There’s just something about street art that makes you feel like you understand the locals a bit more. One of the first things I noticed when arriving in Lisbon, is that the people here can be quite discreet – contrary to their Italian and Spanish neighbours – but their streets tell a different story.
You can find little ticking green clocks, symbolising time running out when it comes to confronting climate change, slogans like “the feminist revolution” written near the Fonte Luminosa, “I can’t breathe” on Almirante Reis Avenue, or small red and black raised fists, plastered all over the capital’s streets in support of the Black Lives Matter movement. Lisboetas may be quiet but they know how to make their voices heard: through their art.
Lisbon is known today for its colourful walls and original street art, but back in the 18th century, buildings were all-white. It was only after the earthquake of 1775 that the richer neighbourhoods started to add colour and tiles to their walls and pavements. When the democratic revolution hit in 1974, expressing oneself through art and colour in the streets became common and often accompanied by political messages. Today, the tradition remains, and hour-long tours are offered to tourists who want to discover all the unique street art the city has to offer, whether outside, in art galleries or even bar crawls.
When I arrived, I couldn’t visit any museums due to Covid-19 restrictions. However, it didn’t talk long for me to realise that Lisbon is already an open-air museum and every street is a work of art in its own way. Almost every little cobblestone street or big avenue (even parking lots!) has a work of art. You might even miss a few gems if you’re not careful or too busy looking at the amazing tilework under your feet.
Like many people who have just arrived in Lisbon, I was told by locals to go to the Alfama district, to see what a “traditional Portuguese neighbourhood” looks like. So naturally, that’s what I did. Despite the empty streets due to the lockdown, you could tell that Alfama is a very lively neighbourhood. Between the colourful streets, the Easter decorations, the sardine stickers on people’s windows, it truly is a quaint and charming place to visit.
If you pay close attention to detail, you might be able to spot old-timey portraits on some street corners and alleyways. These portraits of Alfama’s elderly are the work of Camilla Watson, an English artist, who collaborated with the Borough of Santa Maria Maior to give birth to this project she calls “Alma de Alfama” (or Soul of Alfama in English). According to the artist, Alfamistas represent “the identity of the neighbourhood” and these portraits of them, along with little texts explaining in detail their lives, were made “in the intention of preserving traditional values”. In case you want see all the portraits, there is a map on the artist’s website (http://camillawatsonphotography.net/alma-de-alfama/#).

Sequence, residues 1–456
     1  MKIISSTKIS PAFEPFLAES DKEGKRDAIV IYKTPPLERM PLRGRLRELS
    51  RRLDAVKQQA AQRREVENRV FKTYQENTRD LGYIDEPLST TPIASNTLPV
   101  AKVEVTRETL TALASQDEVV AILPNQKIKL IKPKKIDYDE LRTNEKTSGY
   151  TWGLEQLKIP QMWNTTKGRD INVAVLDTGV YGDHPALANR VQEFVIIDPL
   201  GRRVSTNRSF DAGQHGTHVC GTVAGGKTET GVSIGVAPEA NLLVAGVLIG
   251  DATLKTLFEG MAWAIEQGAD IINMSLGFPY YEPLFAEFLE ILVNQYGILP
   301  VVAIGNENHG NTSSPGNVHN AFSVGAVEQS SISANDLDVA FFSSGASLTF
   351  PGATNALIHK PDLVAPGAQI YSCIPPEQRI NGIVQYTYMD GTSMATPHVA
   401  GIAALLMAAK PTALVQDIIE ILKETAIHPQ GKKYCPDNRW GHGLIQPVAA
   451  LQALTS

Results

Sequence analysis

If you’re lucky enough, you might even be able to see one of Alfama’s stars. I had the chance to briefly talk to Maria Emilia, a fishmonger. Like most, she’s lived in Alfama all her life. In her portrait, she’s standing in front of a fish (almost the same size as her) and smiling with her mouth wide open. You could almost hear her laugh, just by looking at her. As I take pictures of Maria Emilia’s portrait, I notice someone staring at me from their car. Turns out, it was Maria Emilia herself. She slowly rolls down her car window, and waves at me like she’s the Queen of Alfama. Like a groupie spotting the member of her favorite boy band, I ask if I could take a picture of her. Even though she was in a hurry, she took some time to chat and try to understand my broken Portuguese, promising to take a picture with her portrait next time our paths crossed, before driving off.
This served as a reminder that, you don’t necessarily need to go to museums to learn about a city. Talking to the locals, getting to know about their lives and habits, teaches you just as much about someone’s culture than going on some tour or expo. Street art allows that to happen, to reconnect people with the streets, with the locals, without having to pay tens of euros for a museum ticket. Street art is everywhere in Lisbon, and you can spot so many different artworks, each of them unique… as long as you remember to look up from time to time or you might just miss something special.